Writing: Revision Refresher

Writing is rewriting, they say. But new writers often don’t know where to start. Here’s a revision refresher.

Writing Tip for Today: What is a good plan for revision?

Start Loud

If you don’t have a feedback or critique partner or group, put out some feelers online or in face-to-face groups. Join writer’s organizations to meet other writers. Aim for a good mix of genres but look for at least one or two who are writing in a similar genre.

Get into the habit of reading your drafts aloud. We use a different part of the brain to process oral language. Our eyes will often fool us, inserting or changing words. You’ll be able to catch sentences that are awkward and those that seem off topic or extraneous. Mark places as you read to remember any changes you want to make.

Read your work aloud to your feedback group or partner, too. Don’t try to perform your dialogue—funny voices aren’t going to make your writing any better. Read smoothly and slowly enough to suit your peers.

Start Large

For many writers, revision means changing words or deleting or adding text. But wait—I think it makes more sense to look at the overall structure, theme or purpose first. You won’t want to work on nits before you correct any illogical or off topic places.

Know what you want to say. In a scene, there’s usually a main purpose. In nonfiction the point or take away is critical. After reading aloud, review your purpose or theme. Have you veered away? Or have you discovered a better message or purpose in your draft?

Big Picture revision helps you refine your target message to readers. First, provide an interesting hook, then build your argument or purpose and last, poise a character to act in the next scene. For nonfiction, you’ll want a final “take away” that readers can understand.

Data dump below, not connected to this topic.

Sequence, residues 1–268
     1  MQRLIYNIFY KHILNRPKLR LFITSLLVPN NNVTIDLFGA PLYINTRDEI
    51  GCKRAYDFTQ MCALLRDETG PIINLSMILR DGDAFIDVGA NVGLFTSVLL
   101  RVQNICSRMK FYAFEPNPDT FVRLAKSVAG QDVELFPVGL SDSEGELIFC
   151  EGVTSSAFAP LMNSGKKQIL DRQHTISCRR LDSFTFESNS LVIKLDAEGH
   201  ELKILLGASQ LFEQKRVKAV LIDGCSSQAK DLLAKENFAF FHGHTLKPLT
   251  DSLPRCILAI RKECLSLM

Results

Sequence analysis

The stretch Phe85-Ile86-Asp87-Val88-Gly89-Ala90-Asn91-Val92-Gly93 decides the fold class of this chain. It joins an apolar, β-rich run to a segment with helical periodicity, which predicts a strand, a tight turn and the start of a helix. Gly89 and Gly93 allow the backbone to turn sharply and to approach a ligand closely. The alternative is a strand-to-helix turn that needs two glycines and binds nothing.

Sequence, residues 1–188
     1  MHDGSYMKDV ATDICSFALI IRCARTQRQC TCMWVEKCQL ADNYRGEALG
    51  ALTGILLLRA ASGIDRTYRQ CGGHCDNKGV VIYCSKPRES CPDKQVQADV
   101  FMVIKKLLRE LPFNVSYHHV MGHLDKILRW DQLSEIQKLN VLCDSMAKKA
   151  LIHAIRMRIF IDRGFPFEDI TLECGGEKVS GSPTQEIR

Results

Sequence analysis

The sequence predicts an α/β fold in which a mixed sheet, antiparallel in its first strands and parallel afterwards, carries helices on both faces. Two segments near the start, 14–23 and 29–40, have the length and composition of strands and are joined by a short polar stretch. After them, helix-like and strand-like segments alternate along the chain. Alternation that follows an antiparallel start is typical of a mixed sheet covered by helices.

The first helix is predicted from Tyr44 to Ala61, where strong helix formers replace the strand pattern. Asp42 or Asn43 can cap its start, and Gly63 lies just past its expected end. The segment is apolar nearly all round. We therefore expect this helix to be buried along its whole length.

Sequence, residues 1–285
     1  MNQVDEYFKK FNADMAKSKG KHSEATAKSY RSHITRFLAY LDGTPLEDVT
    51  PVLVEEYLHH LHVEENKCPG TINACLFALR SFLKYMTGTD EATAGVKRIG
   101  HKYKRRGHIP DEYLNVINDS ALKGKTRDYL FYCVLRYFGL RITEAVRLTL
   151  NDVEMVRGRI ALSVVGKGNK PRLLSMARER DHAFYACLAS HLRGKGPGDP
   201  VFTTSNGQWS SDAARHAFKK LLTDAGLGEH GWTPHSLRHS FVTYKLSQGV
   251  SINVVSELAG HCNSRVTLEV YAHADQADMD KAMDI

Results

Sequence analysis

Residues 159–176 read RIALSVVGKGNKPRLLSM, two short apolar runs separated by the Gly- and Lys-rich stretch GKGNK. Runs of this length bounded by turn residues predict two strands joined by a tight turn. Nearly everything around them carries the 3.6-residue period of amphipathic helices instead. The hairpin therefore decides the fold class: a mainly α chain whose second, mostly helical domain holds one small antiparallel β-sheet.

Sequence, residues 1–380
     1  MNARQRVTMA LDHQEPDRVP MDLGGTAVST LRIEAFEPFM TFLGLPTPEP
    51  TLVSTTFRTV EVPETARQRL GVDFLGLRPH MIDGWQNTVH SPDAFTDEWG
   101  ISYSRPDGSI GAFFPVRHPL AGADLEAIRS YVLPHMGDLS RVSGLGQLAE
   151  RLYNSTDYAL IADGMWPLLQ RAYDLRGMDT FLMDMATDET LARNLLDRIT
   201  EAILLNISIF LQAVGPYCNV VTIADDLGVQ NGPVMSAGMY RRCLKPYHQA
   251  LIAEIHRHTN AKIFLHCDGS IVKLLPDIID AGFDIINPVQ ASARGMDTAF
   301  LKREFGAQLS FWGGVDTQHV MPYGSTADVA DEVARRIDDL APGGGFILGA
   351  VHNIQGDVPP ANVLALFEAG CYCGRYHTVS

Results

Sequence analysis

Big Picture revision helps you define what message to readers that you’re targeting.

Do LittleS

After you’ve remedied any structural flaws and finetuned your point or message, you’re ready for the small stuff. Begin at the paragraph level: are there graphs that aren’t pulling their weight? Eliminate or rewrite them.

Move on to sentence construction. Check for passive voice and gerund constructions (was ing). Replace with active and precise verbs. Do many of your sentences begin the same way? Vary them.

Last, you can pay attention to the “ly” adverbs, use of general descriptors (many, small, tiny, huge, etc). When the nits are fixed, put down your work for a few days. Then get it back out and start over at the top.

What part of revision gives you the most trouble?


About Linda S. Clare

I'm an author, speaker, writing coach and mentor. I teach both fiction and nonfiction writing at Lane Community College and in the doctoral program as expert writing advisor for George Fox University. I love helping writers improve their craft and I'm both an avid reader and writer of stories about those with wounded hearts.

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